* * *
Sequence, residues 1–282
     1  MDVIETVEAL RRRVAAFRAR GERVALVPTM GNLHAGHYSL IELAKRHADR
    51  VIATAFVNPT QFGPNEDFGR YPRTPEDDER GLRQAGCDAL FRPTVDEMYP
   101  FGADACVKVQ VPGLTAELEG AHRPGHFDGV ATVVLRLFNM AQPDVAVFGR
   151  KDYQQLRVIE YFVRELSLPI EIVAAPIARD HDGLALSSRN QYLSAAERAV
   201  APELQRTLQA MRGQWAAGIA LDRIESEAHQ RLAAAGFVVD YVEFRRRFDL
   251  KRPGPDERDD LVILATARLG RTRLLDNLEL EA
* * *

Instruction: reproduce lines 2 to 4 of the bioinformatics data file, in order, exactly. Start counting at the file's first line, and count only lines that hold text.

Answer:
     1  MDVIETVEAL RRRVAAFRAR GERVALVPTM GNLHAGHYSL IELAKRHADR
    51  VIATAFVNPT QFGPNEDFGR YPRTPEDDER GLRQAGCDAL FRPTVDEMYP
   101  FGADACVKVQ VPGLTAELEG AHRPGHFDGV ATVVLRLFNM AQPDVAVFGR